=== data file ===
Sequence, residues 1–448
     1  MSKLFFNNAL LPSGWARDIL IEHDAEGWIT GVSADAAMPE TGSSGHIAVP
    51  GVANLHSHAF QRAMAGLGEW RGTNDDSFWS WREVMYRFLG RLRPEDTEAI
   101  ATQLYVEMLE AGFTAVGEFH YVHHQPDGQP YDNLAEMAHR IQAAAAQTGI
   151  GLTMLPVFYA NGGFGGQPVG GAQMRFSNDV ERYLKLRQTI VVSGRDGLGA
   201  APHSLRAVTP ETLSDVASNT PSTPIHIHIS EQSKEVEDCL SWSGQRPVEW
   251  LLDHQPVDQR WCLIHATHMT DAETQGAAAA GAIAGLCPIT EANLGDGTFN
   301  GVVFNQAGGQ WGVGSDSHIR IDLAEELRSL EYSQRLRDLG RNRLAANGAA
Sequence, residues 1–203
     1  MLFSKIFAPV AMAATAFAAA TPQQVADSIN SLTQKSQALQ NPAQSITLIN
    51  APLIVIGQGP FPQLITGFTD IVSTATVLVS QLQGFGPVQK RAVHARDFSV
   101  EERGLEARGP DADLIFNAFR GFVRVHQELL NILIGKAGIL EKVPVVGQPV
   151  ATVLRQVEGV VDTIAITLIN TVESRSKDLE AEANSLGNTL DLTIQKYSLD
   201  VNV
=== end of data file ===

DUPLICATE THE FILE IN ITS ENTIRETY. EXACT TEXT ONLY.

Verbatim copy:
Sequence, residues 1–448
     1  MSKLFFNNAL LPSGWARDIL IEHDAEGWIT GVSADAAMPE TGSSGHIAVP
    51  GVANLHSHAF QRAMAGLGEW RGTNDDSFWS WREVMYRFLG RLRPEDTEAI
   101  ATQLYVEMLE AGFTAVGEFH YVHHQPDGQP YDNLAEMAHR IQAAAAQTGI
   151  GLTMLPVFYA NGGFGGQPVG GAQMRFSNDV ERYLKLRQTI VVSGRDGLGA
   201  APHSLRAVTP ETLSDVASNT PSTPIHIHIS EQSKEVEDCL SWSGQRPVEW
   251  LLDHQPVDQR WCLIHATHMT DAETQGAAAA GAIAGLCPIT EANLGDGTFN
   301  GVVFNQAGGQ WGVGSDSHIR IDLAEELRSL EYSQRLRDLG RNRLAANGAA
Sequence, residues 1–203
     1  MLFSKIFAPV AMAATAFAAA TPQQVADSIN SLTQKSQALQ NPAQSITLIN
    51  APLIVIGQGP FPQLITGFTD IVSTATVLVS QLQGFGPVQK RAVHARDFSV
   101  EERGLEARGP DADLIFNAFR GFVRVHQELL NILIGKAGIL EKVPVVGQPV
   151  ATVLRQVEGV VDTIAITLIN TVESRSKDLE AEANSLGNTL DLTIQKYSLD
   201  VNV